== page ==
Why presidential stonewalling of oversight is a threat to democracy
President Trump’s announced refusal to comply with all congressional subpoenas, and his demand that current and former government officials do the same, amounts to a flat denial that Congress has a legitimate role overseeing the executive branch. By adopting such a position, Trump has ramped up dramatically his longstanding efforts to undermine American democracy. The question is not just whether former White House counsel Don McGahn and others will testify as Congress is demanding. It is whether the president remains subject to the constraints built into our system of government to preserve the rule of law.
It is a basic principle of the Constitution that the president is not above the law and is checked in his exercise of executive powers in a variety of ways, including civil lawsuits, criminal investigations that may lead to impeachment, and oversight by the Congress. In his first two years, President Trump set out to neutralize most of these, attacking the federal courts, the FBI, and the Justice Department. There was little need, then, to take on the final and arguably most important check of congressional oversight because the Republican-controlled Congress simply was not performing that function.
But with the change in control of the House of Representatives, the president is now facing the kind of legislative oversight that other presidents have long had to deal with, and his response has been to just say no. His plan seems to be to get to the next election by denying House committees any information needed to determine whether the administration is taking care that the laws be faithfully executed, as the Constitution demands. If that strategy succeeds, it will have nullified one of the key checks on the power of the president built into our constitutional system.
There should be no doubt who is right on the law. The power of congressional oversight is well established. The president has invoked executive privilege (which protects some internal advice to the president from disclosure), but that doctrine does not begin to justify the kind of wholesale stonewalling we are now witnessing.
Take for example the example of McGahn, who has been subpoenaed by the House Judiciary Committee to elaborate on the descriptions of presidential obstruction of justice he provided to special counsel Robert Mueller. Last week, the Washington Post reported that two White House officials said the administration plans to invoke executive privilege to shield McGahn from testifying. But that maneuver would not be legal.
First, executive privilege does not provide blanket protection to everything that happens in the executive branch. If it did, oversight would be impossible. The privilege certainly should not be used to block inquiries into whether President Trump obstructed justice by calling on McGahn to fire Mueller.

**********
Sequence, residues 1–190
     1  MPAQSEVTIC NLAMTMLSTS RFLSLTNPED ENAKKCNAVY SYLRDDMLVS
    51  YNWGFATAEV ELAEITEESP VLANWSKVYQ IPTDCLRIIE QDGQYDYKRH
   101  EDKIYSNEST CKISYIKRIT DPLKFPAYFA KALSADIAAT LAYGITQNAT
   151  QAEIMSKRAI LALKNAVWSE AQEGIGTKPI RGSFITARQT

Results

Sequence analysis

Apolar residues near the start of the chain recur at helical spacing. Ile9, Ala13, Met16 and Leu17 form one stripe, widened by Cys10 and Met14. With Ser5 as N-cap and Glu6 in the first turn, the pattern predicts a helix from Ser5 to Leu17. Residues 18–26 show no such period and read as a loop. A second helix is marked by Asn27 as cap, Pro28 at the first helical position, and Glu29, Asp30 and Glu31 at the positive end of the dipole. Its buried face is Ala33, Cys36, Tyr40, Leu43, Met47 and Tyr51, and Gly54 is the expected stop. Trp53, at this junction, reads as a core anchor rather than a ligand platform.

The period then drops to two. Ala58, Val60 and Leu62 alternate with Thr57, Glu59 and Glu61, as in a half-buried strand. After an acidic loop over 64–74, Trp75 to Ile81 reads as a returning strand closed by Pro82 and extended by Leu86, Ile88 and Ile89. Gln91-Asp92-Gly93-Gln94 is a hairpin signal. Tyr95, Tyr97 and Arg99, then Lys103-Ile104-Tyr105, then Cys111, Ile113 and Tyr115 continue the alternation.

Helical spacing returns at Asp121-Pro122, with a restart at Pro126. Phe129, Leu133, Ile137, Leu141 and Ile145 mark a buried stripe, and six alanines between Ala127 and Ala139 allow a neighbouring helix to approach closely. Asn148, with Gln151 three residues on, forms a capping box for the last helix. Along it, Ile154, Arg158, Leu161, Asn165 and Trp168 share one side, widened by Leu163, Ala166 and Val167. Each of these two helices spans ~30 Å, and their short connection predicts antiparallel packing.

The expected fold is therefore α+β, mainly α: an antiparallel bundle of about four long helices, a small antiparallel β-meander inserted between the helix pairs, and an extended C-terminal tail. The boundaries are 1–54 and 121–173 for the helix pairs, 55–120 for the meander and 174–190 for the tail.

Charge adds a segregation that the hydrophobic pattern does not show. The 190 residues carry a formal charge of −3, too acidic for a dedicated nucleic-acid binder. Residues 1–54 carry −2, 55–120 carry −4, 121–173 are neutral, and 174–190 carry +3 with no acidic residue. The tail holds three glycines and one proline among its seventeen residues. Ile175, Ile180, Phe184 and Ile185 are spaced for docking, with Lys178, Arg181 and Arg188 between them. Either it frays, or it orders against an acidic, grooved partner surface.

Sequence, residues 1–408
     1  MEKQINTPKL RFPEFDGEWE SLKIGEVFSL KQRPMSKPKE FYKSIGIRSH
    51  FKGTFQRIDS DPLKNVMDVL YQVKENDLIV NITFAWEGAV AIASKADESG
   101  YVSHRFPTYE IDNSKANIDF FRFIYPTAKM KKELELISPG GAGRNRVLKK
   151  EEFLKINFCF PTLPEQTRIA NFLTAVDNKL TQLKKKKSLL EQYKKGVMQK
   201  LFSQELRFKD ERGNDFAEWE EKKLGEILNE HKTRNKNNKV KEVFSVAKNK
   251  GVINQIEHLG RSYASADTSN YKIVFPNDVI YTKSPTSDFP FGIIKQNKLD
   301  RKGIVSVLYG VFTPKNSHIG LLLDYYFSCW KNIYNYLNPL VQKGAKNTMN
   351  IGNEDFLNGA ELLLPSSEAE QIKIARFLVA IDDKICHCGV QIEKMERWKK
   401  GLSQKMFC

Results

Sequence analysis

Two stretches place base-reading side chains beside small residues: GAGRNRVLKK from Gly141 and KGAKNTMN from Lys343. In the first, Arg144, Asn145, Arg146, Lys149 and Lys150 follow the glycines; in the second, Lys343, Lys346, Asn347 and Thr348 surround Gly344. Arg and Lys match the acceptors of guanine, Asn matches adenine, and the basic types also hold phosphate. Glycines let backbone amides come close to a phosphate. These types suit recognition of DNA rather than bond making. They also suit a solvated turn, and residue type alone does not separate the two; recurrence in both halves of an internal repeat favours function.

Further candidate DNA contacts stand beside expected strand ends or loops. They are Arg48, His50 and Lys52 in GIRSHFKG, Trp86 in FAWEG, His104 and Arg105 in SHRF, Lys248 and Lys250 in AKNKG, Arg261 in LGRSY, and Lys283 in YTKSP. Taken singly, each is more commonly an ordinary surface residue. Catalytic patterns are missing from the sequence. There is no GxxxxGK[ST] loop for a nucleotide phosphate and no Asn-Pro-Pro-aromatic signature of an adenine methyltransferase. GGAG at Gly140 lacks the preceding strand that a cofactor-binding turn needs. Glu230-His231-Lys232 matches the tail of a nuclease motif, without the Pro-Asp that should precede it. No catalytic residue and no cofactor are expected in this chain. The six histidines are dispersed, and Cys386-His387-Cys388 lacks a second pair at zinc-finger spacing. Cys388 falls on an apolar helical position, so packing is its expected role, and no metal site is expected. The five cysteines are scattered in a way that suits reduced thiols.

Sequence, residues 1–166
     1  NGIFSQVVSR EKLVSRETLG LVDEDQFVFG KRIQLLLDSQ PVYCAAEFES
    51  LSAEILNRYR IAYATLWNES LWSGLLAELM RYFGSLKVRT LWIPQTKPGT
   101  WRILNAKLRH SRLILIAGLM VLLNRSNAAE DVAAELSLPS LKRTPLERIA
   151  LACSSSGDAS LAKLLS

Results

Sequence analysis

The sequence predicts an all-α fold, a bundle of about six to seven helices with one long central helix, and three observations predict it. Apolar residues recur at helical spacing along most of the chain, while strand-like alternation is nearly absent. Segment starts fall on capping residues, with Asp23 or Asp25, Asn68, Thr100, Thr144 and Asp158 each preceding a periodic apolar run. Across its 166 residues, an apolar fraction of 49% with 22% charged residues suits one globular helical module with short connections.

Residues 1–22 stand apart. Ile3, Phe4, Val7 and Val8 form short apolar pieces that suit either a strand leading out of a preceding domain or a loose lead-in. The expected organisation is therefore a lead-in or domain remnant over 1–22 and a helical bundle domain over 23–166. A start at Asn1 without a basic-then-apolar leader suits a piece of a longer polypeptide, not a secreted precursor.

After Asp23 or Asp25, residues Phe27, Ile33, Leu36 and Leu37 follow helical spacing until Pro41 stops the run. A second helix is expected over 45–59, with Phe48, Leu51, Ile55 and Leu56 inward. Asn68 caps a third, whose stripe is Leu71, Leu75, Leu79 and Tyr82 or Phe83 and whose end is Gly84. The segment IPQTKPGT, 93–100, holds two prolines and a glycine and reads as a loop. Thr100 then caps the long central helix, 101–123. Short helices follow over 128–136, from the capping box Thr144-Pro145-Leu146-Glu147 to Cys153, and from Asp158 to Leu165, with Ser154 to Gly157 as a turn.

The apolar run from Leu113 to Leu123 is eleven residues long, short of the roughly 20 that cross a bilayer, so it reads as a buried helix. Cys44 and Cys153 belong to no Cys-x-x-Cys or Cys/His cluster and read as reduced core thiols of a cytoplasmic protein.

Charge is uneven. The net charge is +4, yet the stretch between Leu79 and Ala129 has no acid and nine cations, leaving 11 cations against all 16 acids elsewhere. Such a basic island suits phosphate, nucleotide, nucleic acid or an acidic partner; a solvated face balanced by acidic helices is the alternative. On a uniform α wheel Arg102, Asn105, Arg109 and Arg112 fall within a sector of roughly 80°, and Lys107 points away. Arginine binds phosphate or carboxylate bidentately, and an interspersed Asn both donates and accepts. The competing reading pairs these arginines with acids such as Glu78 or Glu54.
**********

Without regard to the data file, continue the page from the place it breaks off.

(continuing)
Second, the White House effectively waived its right to executive privilege when it authorized McGahn to speak to Mueller over the course of 30-hours of interviews, as reported by the New York Times. Former Watergate prosecutor Richard Ben Veniste put it well: “I don’t see how the White House can assert executive privilege with something that has already been revealed. To use the Watergate expression, ‘you can’t put the toothpaste back in the tube.’” And the waiver became even clearer when the White House chose not to invoke executive privilege as a basis to redact any portion of the Mueller report.
The bottom line is that a blanket assertion of executive privilege to block congressional oversight is a gross abuse of power. Perhaps what is most alarming is the president’s calculation that this defiance of Congress will be politically popular. He believes he can sell it as putting up courageous resistance to politically motivated “presidential harassment,” as Trump has dubbed it. And he may be right. It is a hallmark of leaders seeking to free themselves from democratic constraints that they portray themselves as fighting against evil forces holding them back from wielding greater power to serve the people.
This is not to say that the Democrats in the House are acting entirely apolitically. Of course they are not. And prior administrations have certainly used dubious assertions of privilege to block investigations of their perceived failures. It is always tempting for presidents to take advantage of the difficulties in our system of enforcing congressional subpoenas.
But what is happening today is entirely different. The president's blanket refusal to cooperate with congressional oversight is both unprecedented and another example of his unerring instinct for undermining democratic norms. It needs to be seen in that light and opposed by all those working to shore up our system of government. This means Congress itself, the courts, and ultimately the American people. If Trump can get away with ignoring subpoenas from another branch of government, then we have lost an essential check on the power of the presidency for the future.
Paul Smith is the vice president of litigation and strategy at the Campaign Legal Center in Washington. He teaches at Georgetown Law Center and is a member of the board of directors of the American Constitution Society.
Note: originally published at thehill.com; re-published with permission.